I wanted to write a post about Reformation Day, however I’ve not had time today, so this picture is going to have to suffice. Thanks to my friend Brad Russell for posting this on his Facebook Page, too funny–
Archives for October 2012
All day long, my soul has ached for the people of the northeast. The pictures that are coming out of the area damaged by hurricane Sandy are astounding. Millions without power. Homes and businesses destroyed by flood waters and even fires. Lives lost. It’s hard to even wrap our minds around such devastation.
I’ve also thought a lot today about our Southern Baptist Disaster Relief Teams. They are often the very first people into an afflicted area to bring essentials such as food, water, and medical supplies. These highly trained volunteers stand by, ready to mobilize whenever they are needed. I am not able to go physically and help. But I am able to give financially through my church to help support those who can go.
But all of this has also got me thinking about how we respond in any crises, whether it be a natural disaster, a tragic illness, a manmade disaster, loss of a loved one, or another devastating event in the life of a person.
I’ve not experienced a natural disaster first-hand like the losses suffered in Sandy. However I have experienced the devastating experience of having my husband, who was a minister at the time, be arrested and jailed for unspeakable acts, and the resulting divorce and flood of destruction that event caused in my life and the life of my family. And, on the other side of that event, I can honestly say that it was the Christ-like reaction of the people who surrounded me along with the amazing grace of God, that rescued me from certain and crippling defeat in this life. They provided me with Food, Clothing and Shelter, the basics we need to survive. Here’s how they did it:
Food: My memory of much of those days and weeks immediately following the disaster in my life is somewhat hazy, but I do remember food. Of course, this is one of the first things we think of in a crises, is to provide food. Casseroles, cakes, sandwiches, etc. And I do remember physical food being provided. But even greater than that, was the food that was fed to my weakened soul. My belief in God was shaken in those dark days. And yet my friends patiently fed me truth about God, through scripture and prayer. I remember thinking over and over again, “Tell me about God. Tell me about God.” because my soul was searching for some sort of foundation that wasn’t going to shift. And my friends did. A group of dear, sweet older ladies at my church who pray together every single week, surrounded me and prayed fervently for me and for my children, and yes, for my husband, with such passion that it causes me to almost weep now remembering it. And day after day, I was gently pushed by a friend to pursue God through scripture work. At first I couldn’t even open my computer (where my scripture work takes place through my Bible Software), but slowly through tremendous encouragement I got there. I got there. And had I not gotten there, I don’t know where I would be today.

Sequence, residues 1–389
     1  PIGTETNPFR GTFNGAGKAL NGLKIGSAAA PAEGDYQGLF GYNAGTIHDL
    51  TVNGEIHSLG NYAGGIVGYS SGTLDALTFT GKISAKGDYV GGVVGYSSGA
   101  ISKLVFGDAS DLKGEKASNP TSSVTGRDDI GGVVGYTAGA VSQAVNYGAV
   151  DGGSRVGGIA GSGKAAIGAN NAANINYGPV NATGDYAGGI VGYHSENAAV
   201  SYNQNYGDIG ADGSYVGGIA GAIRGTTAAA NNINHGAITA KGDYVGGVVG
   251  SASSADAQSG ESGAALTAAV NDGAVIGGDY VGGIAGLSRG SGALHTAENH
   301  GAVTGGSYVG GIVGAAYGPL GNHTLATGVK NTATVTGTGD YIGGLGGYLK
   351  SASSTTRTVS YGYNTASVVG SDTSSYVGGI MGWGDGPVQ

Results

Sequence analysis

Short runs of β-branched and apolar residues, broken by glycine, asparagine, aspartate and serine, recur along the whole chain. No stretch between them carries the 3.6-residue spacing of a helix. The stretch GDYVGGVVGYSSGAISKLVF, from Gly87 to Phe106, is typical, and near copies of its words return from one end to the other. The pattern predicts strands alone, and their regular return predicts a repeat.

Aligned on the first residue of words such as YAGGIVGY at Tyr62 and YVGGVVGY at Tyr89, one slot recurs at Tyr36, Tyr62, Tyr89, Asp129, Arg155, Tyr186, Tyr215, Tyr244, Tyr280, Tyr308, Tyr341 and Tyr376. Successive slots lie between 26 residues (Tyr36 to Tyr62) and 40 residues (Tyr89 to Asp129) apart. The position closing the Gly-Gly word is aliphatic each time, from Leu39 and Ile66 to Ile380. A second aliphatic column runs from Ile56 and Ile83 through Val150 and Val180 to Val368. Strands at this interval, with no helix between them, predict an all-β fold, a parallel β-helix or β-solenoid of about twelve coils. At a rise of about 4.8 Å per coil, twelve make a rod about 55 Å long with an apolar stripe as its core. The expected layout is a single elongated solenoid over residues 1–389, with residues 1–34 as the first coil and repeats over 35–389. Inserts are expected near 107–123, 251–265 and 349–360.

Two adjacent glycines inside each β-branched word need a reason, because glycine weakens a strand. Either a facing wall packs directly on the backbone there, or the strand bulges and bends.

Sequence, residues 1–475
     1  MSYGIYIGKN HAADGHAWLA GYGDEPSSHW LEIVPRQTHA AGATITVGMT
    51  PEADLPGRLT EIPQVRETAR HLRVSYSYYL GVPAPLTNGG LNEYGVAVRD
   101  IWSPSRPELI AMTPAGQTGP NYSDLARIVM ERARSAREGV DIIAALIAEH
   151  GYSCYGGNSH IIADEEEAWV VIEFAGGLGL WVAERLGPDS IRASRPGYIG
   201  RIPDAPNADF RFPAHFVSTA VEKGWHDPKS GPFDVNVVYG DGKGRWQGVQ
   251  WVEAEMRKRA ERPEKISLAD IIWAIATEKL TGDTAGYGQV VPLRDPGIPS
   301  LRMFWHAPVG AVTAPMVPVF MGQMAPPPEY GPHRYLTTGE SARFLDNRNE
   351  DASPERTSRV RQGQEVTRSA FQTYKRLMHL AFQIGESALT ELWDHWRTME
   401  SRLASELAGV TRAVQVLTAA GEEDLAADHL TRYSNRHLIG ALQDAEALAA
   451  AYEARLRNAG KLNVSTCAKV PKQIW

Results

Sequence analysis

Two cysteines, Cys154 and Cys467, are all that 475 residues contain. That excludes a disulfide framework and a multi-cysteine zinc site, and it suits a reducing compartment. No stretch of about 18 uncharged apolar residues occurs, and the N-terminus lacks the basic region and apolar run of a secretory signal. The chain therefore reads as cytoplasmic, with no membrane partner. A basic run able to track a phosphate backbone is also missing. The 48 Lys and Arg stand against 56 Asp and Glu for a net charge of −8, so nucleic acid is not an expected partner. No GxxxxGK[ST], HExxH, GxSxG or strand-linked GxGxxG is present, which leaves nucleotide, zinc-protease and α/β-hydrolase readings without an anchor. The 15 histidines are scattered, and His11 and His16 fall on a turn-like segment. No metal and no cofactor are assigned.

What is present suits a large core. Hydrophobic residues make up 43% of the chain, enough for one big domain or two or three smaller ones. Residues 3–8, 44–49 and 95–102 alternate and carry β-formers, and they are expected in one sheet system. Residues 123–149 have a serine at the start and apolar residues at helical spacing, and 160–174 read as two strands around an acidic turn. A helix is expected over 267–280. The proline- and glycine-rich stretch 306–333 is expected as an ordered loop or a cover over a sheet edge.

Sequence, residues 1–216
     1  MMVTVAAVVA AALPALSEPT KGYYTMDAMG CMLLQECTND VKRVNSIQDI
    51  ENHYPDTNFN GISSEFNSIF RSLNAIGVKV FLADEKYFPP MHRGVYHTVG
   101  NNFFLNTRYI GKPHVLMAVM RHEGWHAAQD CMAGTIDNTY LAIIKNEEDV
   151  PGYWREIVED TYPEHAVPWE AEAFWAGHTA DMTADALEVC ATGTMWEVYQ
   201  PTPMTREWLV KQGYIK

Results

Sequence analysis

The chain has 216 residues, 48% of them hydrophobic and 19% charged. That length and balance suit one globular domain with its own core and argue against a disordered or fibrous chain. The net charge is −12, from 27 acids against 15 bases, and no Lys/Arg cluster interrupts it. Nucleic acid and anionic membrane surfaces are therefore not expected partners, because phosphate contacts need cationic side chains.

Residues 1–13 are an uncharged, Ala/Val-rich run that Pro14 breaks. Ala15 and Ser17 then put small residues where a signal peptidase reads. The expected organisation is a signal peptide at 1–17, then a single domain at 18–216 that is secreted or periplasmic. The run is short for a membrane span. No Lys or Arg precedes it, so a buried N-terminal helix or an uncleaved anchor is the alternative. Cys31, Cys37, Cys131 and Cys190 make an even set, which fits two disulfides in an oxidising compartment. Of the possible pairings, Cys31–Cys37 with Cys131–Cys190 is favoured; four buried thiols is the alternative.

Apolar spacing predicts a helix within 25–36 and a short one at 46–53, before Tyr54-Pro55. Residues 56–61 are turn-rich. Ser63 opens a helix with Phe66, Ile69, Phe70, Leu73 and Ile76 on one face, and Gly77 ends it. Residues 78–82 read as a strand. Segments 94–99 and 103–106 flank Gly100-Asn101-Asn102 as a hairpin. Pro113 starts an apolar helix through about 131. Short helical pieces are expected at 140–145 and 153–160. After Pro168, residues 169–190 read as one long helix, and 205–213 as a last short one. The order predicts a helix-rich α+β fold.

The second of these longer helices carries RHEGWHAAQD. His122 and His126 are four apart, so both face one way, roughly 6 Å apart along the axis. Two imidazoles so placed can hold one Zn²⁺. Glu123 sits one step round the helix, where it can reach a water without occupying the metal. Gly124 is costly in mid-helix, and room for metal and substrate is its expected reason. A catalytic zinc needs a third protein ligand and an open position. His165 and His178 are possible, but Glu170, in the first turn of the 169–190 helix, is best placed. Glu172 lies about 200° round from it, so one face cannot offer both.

Provide your devastated friend with food. Physical food, but also spiritual food, when they are ready. Ask God to show you what to say and do to feed them this vital, life-giving food. Matthew 4:4 says:
This is truth. I know it to be truth in my life. Life comes from the word of God.
Clothing: Another essential we think of in a disaster, particularly a natural disaster, is clothing. People are always very quick and gracious to donate gently used clothing to those who have lost everything in a disaster such as a tornado or a fire. But the clothing I am speaking of here is very different. This is the clothing that the responders wear in dealing with anyone who has experienced a tremendous crises. It’s found in Colossians 3:12:
Other translations say “Clothe yourselves…….in compassion, kindness, humility, gentleness and patience.” And that is exactly what those around me and my children did. They clothed themselves in compassion. In Kindness. In gentleness and patience. The acts of kindness are too, too numerous to recount here. But I can honestly say that I was surrounded by people who took this verse to heart. It’s funny, but never in my life had I felt more loved and cared for, than in the very darkest days of my life. And isn’t that what church is about? We are family. We are called to be compassionate with each other. To be kind, gentle and patient with each other, instead of tearing one another down, refusing to forgive each other. (Col 3:13). I am so blessed to have friends and a church–and an entire community, who spoke Jesus’ love to me through their active living out of Colossians 3:12.